While the principles of “three lines of defence” remain consistent, we believe a more integrated risk management, right-sized and cross-functional approach may result in innovative ways to address thematic and non-financial risks.
Risk functions, and the environments in which they operate, have come a long way since our previous global study in 2018. It’s not surprising that the fundamentals haven’t shifted - such as the use of advanced analytics and increased use of technology and digitisation - but the goalposts for “better practice” risk management within financial institutions continue to move and mature at a rapid pace.
Embed Risk in strategy and decision making by strengthening Risk capability on thematic risks, establishing competence centres across the Business and Risk teams, and breaking down silos across the lines of defence.
Enhance stress testing capabilities to be faster, more dynamic, and enhance the ability to capture cross-risk impacts.
Digitise non-financial risk through simplifying policy requirements, redesigning GRC platforms to work for the first line and defining data models across non-financial risk to collect enriched data sets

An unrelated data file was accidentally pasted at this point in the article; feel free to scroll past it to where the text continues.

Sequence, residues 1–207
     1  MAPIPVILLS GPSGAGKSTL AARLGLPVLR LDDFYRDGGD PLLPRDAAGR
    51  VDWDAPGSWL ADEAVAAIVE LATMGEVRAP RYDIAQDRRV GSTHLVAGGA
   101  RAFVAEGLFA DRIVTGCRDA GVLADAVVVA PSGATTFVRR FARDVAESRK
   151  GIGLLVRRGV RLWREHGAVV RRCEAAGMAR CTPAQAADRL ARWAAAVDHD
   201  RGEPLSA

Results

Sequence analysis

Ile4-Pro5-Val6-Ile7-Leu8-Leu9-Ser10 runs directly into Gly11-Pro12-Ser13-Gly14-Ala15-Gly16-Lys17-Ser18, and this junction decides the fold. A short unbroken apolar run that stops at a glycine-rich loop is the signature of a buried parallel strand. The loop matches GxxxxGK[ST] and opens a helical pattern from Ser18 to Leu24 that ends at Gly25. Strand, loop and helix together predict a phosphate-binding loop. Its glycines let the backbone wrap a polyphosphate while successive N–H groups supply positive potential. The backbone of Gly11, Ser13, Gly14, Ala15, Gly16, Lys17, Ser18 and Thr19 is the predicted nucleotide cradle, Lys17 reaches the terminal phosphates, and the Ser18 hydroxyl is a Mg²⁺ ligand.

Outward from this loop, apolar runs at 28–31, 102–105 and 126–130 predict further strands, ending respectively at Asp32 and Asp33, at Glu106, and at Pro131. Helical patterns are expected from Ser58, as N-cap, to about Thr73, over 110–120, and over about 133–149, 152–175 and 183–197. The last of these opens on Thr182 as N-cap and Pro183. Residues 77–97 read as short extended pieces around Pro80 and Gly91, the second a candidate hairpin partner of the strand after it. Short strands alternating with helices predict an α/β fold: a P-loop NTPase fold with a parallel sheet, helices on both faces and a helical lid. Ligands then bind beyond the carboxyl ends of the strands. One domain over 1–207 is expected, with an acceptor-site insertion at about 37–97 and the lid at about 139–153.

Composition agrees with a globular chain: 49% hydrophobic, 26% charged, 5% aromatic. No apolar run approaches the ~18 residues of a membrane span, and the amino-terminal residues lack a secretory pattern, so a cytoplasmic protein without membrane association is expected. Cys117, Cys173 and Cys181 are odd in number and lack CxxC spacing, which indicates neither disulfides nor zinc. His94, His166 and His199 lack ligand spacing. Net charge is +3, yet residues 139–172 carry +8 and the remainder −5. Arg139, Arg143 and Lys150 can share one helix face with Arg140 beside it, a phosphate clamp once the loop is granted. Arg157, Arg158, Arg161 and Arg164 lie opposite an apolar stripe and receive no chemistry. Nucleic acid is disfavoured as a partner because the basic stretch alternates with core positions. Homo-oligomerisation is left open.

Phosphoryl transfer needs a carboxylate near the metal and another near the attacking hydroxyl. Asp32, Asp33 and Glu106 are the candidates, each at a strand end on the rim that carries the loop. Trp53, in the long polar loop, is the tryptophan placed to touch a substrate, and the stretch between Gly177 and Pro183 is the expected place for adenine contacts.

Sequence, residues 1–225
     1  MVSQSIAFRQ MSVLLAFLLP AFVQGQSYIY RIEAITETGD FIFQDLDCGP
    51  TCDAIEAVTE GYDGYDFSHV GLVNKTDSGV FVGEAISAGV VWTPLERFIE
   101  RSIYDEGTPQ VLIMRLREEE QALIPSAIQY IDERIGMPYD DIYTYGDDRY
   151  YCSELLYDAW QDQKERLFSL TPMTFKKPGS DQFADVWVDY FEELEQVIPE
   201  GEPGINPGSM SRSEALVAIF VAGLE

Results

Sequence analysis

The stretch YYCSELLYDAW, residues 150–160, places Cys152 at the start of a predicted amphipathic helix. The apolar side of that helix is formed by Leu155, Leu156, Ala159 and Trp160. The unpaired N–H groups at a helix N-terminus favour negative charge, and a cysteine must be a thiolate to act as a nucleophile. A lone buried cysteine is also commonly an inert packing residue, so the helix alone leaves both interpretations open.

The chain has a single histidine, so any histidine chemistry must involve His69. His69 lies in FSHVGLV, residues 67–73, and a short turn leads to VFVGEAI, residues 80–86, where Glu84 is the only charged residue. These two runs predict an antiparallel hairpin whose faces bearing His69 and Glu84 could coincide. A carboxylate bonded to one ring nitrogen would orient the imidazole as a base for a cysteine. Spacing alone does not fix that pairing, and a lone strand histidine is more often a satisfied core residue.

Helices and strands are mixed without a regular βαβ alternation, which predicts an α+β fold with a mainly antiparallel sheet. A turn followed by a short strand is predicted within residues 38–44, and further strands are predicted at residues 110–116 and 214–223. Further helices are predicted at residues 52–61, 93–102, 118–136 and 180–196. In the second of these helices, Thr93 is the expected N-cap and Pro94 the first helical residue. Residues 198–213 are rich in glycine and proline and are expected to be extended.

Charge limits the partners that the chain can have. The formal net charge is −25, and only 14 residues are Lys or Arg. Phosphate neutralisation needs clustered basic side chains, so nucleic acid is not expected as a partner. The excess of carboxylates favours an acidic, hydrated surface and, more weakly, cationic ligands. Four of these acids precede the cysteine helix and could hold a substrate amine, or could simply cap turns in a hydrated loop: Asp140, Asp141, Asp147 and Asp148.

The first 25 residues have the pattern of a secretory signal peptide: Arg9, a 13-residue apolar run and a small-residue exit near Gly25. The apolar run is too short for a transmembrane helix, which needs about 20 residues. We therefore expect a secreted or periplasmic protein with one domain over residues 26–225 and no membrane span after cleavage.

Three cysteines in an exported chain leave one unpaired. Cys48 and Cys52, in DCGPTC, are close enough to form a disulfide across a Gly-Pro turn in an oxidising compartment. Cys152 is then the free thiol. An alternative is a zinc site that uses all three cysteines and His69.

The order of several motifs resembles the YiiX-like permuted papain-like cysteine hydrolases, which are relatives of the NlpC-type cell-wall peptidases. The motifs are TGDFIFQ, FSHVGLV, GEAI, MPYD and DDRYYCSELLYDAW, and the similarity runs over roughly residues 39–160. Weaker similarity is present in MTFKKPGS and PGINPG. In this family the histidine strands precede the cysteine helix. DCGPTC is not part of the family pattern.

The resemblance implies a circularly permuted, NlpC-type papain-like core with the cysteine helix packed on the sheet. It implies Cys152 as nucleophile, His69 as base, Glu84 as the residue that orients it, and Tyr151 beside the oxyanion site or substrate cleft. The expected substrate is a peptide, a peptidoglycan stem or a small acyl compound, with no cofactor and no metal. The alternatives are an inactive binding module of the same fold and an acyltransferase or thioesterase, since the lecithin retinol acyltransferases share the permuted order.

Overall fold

Build operational resilience into the organisation by increasing the prominence of strategic decisions and creating visibility of value streams and their potential points of failure.
Develop platforms to deploy technology at scale through building a shared technology roadmap across the organisation, providing access to self-service data analysis capabilities and investing in the reskilling of staff.
The next five years will continue to result in major changes to the Risk function - and risk management in the broader sense - and stakeholders' expectations will continue to shift. The question is not if risk management will evolve within financial institutions, it’s a matter of when?
We believe Risk leaders are in a powerful position to seize this opportunity and position themselves to help lead business-wide transformation and enable sustainable growth.
Risk Consulting Lead, PwC Australia
Tel: +61 416 301 798
Consulting Financial Services and Consumer Business Leader, PwC Australia
Tel: +61 407 913 309
Partner, PwC Australia
Tel: +61 412 782 897
Director, PwC Australia
Tel: +61 2 8266 0181